Not sure what the different kinds are, but to adjust I remove the piston dampers, and insert a special tool that prevents the diaphragm from rotating while you turn an allen key to adjust the needle. About 2 turns total range. Left is lean, right is rich. With carbs disconnected, balanced, and idle set, lift the piston 1/32" (ago, lift it enough but not too much, and hold it there), if revs rise and keep rising, too rich. If revs rise and then drop and engine dies or wants to, too lean. If revs rise and then return to normal or close, just right.

Re: smoke - I honestly haven't noticed any when driving, but then I haven't focused there either. When I've noticed is when revving the engine by hand while doing carb adjustments. I'll take a look next time I'm out.

At this point I'm thinking it's oil. I'll monitor that more closely, and also fuel mileage, for the next few hundred miles and see what that tells me. Will report back.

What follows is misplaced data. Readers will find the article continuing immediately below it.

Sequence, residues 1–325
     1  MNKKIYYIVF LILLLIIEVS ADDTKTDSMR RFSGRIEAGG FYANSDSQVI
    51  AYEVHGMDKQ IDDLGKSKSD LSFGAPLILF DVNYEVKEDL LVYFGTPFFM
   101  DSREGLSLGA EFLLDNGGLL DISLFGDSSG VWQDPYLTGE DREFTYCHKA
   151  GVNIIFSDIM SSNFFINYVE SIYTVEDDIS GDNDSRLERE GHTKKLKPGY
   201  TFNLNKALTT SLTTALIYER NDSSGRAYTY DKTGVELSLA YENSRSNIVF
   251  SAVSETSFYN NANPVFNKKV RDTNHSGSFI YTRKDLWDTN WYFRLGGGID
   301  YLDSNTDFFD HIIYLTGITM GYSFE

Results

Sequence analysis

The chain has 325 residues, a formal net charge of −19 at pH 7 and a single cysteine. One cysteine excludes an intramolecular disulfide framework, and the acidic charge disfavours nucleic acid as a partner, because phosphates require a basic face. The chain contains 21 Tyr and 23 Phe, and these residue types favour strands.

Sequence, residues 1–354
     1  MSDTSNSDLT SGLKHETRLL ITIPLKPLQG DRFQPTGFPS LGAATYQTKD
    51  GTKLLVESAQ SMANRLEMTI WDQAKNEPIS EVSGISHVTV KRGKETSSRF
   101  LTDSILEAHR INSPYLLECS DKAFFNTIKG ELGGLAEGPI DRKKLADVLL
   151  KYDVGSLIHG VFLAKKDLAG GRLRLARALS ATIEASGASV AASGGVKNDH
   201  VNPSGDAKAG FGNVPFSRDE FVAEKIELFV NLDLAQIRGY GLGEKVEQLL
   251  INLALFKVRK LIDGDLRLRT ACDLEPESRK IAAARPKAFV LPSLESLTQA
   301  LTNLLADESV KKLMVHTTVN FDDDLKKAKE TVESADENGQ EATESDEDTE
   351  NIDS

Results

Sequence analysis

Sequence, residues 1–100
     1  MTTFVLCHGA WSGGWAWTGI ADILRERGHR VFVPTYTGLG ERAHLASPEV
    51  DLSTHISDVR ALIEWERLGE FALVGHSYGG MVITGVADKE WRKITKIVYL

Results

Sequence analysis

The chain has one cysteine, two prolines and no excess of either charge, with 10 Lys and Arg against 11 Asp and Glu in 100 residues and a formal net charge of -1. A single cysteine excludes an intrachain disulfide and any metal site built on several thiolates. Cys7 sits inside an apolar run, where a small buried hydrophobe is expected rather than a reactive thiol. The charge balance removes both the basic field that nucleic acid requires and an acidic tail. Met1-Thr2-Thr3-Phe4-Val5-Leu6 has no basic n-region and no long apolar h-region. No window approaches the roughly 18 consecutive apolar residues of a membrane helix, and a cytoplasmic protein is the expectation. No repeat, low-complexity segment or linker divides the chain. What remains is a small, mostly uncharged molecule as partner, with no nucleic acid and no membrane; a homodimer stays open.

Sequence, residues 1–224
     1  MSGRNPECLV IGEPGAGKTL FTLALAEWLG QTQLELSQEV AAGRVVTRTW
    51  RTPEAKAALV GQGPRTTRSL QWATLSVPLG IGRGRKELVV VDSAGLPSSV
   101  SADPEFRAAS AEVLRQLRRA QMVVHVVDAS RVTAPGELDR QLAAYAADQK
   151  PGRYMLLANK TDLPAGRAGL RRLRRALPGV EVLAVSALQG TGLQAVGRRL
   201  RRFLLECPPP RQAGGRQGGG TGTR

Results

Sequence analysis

I'll also call Joe and get his thoughts.
Steve Lyle
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1972 MGB Roadster @ https://www.mgexp.com/registry/1972-MG- ... 842G.4498/
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PostPost by: steve lyle » Wed Jul 29, 2020 9:02 pm

69S4 wrote:Your oil damper O rings are not leaking are they? There's not much oil in there but you could end up oil burning without it being engine oil. Easy to check though - fill them up, go for a drive and see if its gone at the end. If the carbs have been professionally rebuilt it's unlikely the choke mechanisms are incorrectly assembled which could cause rich running.

If you're producing enough smoke that you can see it in your mirrors it's unlikely to be a 'normal' rich Stromberg mixture - in my experience anyway. I've had mine so rich the car needed no choke when cold and spluttering / won't hot start when warmed up and it didn't produce significant visible smoke. At idle on a still air day I could see it but not out on the road.


Dampers appear to be holding oil.

Generally I don't need to choke when starting cold, and it can be tough to start when hot, which supports the "rich mixture" theory. Not that I understand why a rich mixture would make it hard to start when hot.